Knowing that diet has a direct impact on cognitive function and that there aren’t many evidence-informed tools out there to help people shift their pattern of eating, the team has prepared resources and toolkits to support dietary change in study participants, as well as the broader public. This included developing a brain health food guide and a brochure that explain the food pyramid their research supports. Following its development, the team carried out focus groups to pilot test these resources and then adapted them based on feedback. The completed food guide is available here (Brain Health Food Guide, Greenwood 2016). Brochures can be requested for your clinic by clicking here.

brain-health-food-guide

You’ll notice that the top of the pyramid shows foods to limit, including red meats, pre-packaged food, and sweets. Further down are the foods to include, such as fish, nuts, fruits and vegetables, including berries and raw leafy greens.

 

According to Greenwood’s colleague, Dr. Matthew Parrott, “this eating plan is based on research that identified dietary patterns that can help lower the risk of developing Alzheimer’s disease by 36% and pre-dementia by 27%. Studies show that adults aged 50+ – who shifted to similar eating plans for four years – did not experience any memory loss.”

 

In addition to the long-term gains, adults who were on a similar diet for only four months were given speed reading and writing tests. Their test results showed they performed as if they were 9 years younger, according to Parrott. It is important to note that this eating plan is beneficial for more than brain health. “The same combination of healthy ingredients can help reduce the risk of heart disease, diabetes, and some types of cancer,” Parrott adds.

 

Cognitive Resilience Through Meaningful Activity

The team has also shown that older adults, who remain socially engaged and have worked in mentally-stimulating roles for long periods of time, may be spared from the adverse effects of a Western diet on age-related cognitive decline. This conclusion was based on Parrott’s recent study that measured the effects of a traditional “Western” diet (e.g. red and processed meats, white bread, potatoes, pre-packaged food and sweets) alongside the occupational complexity, level of education, and social engagement of 351 independently living older adults.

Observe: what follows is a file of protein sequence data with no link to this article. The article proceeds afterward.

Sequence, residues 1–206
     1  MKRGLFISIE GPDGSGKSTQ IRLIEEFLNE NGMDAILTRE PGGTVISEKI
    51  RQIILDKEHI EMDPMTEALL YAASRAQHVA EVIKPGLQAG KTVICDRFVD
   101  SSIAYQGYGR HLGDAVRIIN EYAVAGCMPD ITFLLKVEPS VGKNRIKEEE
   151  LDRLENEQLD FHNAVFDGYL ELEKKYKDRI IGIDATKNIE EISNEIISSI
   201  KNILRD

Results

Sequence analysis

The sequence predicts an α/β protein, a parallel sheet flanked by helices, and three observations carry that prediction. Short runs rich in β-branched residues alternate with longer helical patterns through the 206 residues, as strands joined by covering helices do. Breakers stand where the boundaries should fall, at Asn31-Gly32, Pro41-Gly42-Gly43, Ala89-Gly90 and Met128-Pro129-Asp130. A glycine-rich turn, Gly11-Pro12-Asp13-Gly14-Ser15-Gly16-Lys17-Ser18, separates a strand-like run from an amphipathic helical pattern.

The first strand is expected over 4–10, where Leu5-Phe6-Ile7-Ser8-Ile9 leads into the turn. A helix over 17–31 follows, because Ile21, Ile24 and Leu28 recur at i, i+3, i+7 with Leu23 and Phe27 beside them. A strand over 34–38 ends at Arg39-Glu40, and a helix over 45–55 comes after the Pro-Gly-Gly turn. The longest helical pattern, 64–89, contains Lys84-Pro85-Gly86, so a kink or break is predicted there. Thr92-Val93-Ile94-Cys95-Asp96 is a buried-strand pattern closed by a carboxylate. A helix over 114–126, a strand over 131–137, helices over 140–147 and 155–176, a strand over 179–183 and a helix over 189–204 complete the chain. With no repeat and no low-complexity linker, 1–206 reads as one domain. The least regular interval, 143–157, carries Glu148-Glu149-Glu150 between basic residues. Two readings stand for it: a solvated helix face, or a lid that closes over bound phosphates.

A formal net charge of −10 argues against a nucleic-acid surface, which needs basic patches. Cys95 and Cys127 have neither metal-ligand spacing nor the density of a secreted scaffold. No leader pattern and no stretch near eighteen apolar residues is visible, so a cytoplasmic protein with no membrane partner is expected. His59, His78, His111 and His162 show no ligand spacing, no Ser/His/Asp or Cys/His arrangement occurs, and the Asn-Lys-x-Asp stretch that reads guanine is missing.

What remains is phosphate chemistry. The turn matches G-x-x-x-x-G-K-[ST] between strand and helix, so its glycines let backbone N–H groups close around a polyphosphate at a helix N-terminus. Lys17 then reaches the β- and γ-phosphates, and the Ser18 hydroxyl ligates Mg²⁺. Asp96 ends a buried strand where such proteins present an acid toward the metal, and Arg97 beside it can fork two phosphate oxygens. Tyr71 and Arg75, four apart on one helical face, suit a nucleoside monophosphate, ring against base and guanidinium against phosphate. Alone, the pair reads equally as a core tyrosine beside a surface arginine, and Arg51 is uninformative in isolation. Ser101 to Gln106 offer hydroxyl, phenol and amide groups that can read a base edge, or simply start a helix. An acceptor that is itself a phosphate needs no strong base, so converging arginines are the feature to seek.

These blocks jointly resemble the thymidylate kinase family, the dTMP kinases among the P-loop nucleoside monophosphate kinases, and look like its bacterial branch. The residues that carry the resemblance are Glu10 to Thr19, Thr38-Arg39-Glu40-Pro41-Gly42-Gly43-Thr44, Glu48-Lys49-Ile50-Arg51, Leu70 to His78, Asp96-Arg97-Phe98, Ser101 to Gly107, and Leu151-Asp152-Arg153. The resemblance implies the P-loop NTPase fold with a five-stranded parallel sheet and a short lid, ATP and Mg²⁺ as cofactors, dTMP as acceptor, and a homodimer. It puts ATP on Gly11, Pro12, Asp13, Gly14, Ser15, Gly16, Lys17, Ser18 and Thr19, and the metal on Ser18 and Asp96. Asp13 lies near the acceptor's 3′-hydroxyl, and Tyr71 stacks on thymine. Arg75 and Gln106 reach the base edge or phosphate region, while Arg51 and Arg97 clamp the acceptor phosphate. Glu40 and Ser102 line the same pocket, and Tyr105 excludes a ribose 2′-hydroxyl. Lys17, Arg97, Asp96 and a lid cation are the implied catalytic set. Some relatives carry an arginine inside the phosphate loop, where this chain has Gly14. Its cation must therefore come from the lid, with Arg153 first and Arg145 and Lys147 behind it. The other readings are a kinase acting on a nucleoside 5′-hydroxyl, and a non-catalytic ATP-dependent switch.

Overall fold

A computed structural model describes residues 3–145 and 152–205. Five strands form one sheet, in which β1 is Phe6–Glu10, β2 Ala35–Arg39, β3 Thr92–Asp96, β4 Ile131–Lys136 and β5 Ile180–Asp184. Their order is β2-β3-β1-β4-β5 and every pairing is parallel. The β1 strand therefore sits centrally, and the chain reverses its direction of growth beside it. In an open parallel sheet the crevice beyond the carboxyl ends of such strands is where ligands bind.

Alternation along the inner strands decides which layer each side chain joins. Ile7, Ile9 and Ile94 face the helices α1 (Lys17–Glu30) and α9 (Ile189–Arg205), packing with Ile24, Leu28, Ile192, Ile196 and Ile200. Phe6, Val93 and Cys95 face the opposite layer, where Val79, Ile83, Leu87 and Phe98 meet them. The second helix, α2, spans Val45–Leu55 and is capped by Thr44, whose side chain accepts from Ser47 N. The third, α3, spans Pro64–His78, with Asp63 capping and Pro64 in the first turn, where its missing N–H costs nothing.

The researchers concluded that a Western diet is associated with more cognitive decline in older adults. However, those who followed this diet, and also had a mentally stimulating lifestyle – particularly higher educational attainment, complex work and ongoing social engagement – were protected from cognitive decline. These findings are consistent with fellow CCNA researcher, Dr. Sylvie Belleville’s work on building cognitive resilience through engaging activity.

 

“We all know the old adage that an apple a day keeps the doctor away. However, it can also keep dementia away, especially if we skip to the grocery store,” Greenwood says with a smile.

 

To learn more about Dr. Carol Greenwood and her team’s work within the CCNA, view this mini-video of her colleague, Dr. Guylaine Ferland by clicking here.